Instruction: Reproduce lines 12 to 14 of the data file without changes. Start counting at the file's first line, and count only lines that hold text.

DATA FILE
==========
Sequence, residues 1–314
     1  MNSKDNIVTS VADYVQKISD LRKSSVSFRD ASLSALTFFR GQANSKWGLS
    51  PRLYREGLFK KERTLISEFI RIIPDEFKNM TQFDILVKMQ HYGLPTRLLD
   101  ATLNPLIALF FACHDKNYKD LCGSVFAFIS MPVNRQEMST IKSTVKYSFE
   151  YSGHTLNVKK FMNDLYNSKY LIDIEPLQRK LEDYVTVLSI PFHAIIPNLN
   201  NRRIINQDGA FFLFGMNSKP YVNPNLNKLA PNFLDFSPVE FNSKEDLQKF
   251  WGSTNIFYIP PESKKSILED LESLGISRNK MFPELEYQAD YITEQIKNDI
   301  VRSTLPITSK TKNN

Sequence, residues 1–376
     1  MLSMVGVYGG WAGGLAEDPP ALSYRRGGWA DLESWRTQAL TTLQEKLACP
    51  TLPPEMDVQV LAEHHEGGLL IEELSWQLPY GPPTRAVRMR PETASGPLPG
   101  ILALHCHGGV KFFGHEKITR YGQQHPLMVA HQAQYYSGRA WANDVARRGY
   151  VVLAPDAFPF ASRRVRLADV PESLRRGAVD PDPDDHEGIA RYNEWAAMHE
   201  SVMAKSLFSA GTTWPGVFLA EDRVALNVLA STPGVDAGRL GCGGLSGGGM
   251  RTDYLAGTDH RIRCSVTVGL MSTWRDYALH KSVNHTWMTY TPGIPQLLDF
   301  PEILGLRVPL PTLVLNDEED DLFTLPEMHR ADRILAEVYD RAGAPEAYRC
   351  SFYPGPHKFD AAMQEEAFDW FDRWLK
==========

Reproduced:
   101  ILALHCHGGV KFFGHEKITR YGQQHPLMVA HQAQYYSGRA WANDVARRGY
   151  VVLAPDAFPF ASRRVRLADV PESLRRGAVD PDPDDHEGIA RYNEWAAMHE
   201  SVMAKSLFSA GTTWPGVFLA EDRVALNVLA STPGVDAGRL GCGGLSGGGM